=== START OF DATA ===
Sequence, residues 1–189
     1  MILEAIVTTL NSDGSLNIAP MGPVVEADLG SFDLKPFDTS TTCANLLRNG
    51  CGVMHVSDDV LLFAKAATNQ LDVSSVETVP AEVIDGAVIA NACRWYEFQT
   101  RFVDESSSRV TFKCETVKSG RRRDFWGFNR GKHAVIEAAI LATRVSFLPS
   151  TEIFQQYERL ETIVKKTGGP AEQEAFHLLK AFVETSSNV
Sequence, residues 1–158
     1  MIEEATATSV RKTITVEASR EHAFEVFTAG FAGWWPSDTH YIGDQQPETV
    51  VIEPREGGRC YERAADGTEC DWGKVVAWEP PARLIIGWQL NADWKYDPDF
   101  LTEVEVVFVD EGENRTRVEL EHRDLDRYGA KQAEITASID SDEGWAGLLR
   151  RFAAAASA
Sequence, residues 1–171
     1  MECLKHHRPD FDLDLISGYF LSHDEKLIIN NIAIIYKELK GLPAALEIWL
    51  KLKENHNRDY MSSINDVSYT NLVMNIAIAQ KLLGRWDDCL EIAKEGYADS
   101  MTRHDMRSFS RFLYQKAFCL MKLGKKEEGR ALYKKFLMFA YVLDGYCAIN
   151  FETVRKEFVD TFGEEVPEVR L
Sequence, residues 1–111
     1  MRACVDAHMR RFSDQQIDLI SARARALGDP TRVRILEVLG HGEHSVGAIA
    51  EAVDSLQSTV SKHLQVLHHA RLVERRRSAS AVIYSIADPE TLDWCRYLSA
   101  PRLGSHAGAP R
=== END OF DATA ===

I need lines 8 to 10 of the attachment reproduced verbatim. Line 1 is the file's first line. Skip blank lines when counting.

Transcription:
    51  VIEPREGGRC YERAADGTEC DWGKVVAWEP PARLIIGWQL NADWKYDPDF
   101  LTEVEVVFVD EGENRTRVEL EHRDLDRYGA KQAEITASID SDEGWAGLLR
   151  RFAAAASA